Must God Be Perfectly Good?

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1 Must God Be Perfectly Good? Jay Michael Arnold Introduction Richard Swinburne, in his seminal book, The Coherence of Theism, claims I propose to argue that not merely is perfect goodness compatible with perfect freedom, but that it is logically necessary that an omniscient and perfectly free being be perfectly good. 1 Swinburne s argument consists of delineating definitions of omniscience and perfect freedom and claiming that perfect goodness necessarily follows from the possession of these properties. Swinburne is careful to note that the properties of omniscience and perfect freedom are contingent, that is, If he [God] exists, he just happens to have the above properties; it is a fortunate accident that he does. He might not have existed or might not have possessed these properties. 2 Swinburne does not argue that God must necessarily possess these properties or that one property necessitates the other. Rather, Swinburne argues that if God happened to be omniscient and perfectly free then it would logically follow that God be perfectly good. With regards to perfect goodness, Swinburne claims there are two kinds of morally good actions, the obligatory and the supererogatory, and that Perfect moral goodness includes doing both the obligatory and supererogatory and doing nothing wrong or bad in other ways. 3 According to Swinburne, obligatory good actions are those 1 Richard Swinburne, The Coherence of Theism (Clarendon Press, Oxford 1993), p Ibid., p. 4 3 Ibid., p

2 actions a person is under obligation to do, or bound by duty to perform. Supererogatory good actions are those that go beyond obligation or duty. I agree with Swinburne that God possess the contingent properties of omniscience and perfect freedom. However, initially I will argue that another premise is needed, in addition to omniscience and perfect freedom, for perfect goodness to logically follow. The axiom, to know the good is to do the good must be included in order for Swinburne s claim to hold. If not included, I will attempt to maintain that perfect goodness does necessarily follow from omniscience and perfect freedom. Initially I will attempt to demonstrate that Swinburne s claim is dependent upon the inclusion of the premise to know the good is to do the good. However, despite my attempt to prove Swinburne s claim is false, in the end I will conclude that his claim is true. In Part I of this paper I will present Swinburne s argument, delineating the properties of: (1) omniscience (2) perfect freedom and (3) perfect goodness which follows from these contingent properties. In Part II, I will examine two arguments. The first is Swinburne s Argument concerning the logical necessity of Perfect Goodness. The second is a Platonic Ethic argument claiming that Swinburne s argument requires a third premise, namely the axiom to know the good is to do the good. I will conclude, for now, that Swinburne s argument holds, that is, it is logically necessary that an omniscient and perfectly free being be perfectly good is true. 2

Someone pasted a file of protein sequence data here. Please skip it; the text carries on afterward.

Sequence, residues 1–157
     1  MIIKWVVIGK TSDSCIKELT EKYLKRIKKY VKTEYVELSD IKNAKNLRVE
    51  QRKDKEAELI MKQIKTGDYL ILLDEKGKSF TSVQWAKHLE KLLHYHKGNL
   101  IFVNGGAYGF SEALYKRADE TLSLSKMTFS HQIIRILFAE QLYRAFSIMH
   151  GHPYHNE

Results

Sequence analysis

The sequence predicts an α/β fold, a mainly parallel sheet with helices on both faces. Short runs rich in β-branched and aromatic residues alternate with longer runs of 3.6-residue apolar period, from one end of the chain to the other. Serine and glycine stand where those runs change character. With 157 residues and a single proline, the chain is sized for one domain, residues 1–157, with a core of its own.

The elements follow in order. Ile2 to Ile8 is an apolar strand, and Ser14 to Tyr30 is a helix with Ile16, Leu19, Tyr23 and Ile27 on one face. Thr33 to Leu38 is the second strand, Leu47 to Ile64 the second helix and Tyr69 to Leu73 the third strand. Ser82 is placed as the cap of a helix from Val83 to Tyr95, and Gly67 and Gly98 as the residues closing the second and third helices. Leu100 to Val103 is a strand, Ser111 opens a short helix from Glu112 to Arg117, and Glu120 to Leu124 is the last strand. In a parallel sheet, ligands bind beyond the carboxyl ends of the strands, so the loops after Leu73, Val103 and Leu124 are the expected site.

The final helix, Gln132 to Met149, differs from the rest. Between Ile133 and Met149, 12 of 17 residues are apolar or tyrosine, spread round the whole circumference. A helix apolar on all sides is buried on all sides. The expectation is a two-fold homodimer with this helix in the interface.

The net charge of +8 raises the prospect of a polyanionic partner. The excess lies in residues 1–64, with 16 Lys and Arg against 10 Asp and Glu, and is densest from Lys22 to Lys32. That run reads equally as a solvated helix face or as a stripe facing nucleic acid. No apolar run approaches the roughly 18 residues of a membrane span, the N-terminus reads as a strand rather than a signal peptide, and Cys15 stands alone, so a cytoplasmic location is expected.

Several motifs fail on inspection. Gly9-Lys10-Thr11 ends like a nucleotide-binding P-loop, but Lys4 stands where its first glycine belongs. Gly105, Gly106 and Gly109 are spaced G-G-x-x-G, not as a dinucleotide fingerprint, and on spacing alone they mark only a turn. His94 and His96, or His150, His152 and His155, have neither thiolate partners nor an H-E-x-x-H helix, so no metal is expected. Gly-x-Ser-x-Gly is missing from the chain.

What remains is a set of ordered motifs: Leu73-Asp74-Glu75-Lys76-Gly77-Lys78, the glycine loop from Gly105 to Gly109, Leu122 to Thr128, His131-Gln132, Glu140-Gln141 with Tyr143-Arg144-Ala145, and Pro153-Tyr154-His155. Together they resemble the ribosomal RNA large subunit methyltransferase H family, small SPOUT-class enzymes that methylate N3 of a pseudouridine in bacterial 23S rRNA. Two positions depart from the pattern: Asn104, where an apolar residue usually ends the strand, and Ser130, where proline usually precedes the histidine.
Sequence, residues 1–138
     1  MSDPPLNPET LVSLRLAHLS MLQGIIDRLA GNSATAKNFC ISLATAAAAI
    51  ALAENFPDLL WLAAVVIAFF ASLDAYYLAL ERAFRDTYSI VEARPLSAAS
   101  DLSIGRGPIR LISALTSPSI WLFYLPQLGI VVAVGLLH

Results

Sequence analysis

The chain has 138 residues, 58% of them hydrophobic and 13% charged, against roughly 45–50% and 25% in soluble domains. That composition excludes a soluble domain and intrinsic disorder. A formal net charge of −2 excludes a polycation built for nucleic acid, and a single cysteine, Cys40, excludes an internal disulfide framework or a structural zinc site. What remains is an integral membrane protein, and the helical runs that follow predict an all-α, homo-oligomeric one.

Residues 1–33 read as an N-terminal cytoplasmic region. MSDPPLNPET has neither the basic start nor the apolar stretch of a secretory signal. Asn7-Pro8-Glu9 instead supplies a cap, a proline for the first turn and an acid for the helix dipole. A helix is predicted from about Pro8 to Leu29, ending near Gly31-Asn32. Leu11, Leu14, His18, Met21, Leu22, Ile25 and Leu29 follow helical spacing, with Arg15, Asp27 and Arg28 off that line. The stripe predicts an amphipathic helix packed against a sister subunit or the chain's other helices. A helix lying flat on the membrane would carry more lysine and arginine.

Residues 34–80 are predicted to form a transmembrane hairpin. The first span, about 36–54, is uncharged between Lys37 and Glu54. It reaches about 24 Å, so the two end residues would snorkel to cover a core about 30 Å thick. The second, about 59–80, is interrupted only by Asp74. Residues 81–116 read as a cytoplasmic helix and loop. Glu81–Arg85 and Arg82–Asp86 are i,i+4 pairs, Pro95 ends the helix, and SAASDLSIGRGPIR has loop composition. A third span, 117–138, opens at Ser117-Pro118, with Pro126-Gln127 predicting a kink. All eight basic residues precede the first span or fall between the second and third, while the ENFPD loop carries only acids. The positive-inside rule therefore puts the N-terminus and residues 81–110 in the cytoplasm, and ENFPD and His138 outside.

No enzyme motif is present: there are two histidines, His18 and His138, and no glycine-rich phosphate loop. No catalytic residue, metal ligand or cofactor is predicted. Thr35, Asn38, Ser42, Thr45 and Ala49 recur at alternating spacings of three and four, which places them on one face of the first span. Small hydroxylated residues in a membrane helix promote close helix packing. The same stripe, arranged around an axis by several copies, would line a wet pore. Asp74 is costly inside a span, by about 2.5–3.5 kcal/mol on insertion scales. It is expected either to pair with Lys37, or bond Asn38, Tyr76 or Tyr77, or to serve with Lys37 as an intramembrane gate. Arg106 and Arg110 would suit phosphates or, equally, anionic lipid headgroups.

3 Part I Swinburne s Claim Omniscience Traditionally, God is said to be omniscient. Omniscience, like omnipotence, apparently belongs to persons at this or that time. What does it mean to say of a person P that he is omniscient at time t? The obvious account is that to say that P is omniscient at t if he knows all true propositions. 4 Swinburne delineates omniscience in the following way: A person P is omniscient at a time t if and only if he knows every true proposition about t or an earlier time and every true proposition about a time later than t which is true of logical necessity or which he has overriding reason to make true, which it is logically possible that he entertains then. 5 God knows everything that has happened before t (past) and everything that is happening at t (present). Furthermore, God will know future events logically necessitated by the past or present. Past and future are subject to God- but what God already knows is beyond him making a difference to, and what he can make a difference to, he does not yet know the past is subject to his knowledge the future to his control. 6 An omniscient God knows all true propositions, that is, knows every fact, including moral facts. Omniscience does not therefore include knowledge of the future, because the future is not yet factual; unless the future is logically necessitated by events in the past. The future is not yet known because it does yet consist of facts that could be logically known. Although there could be a being who was omniscient in a stronger 4 Ibid., p Ibid., p Ibid., p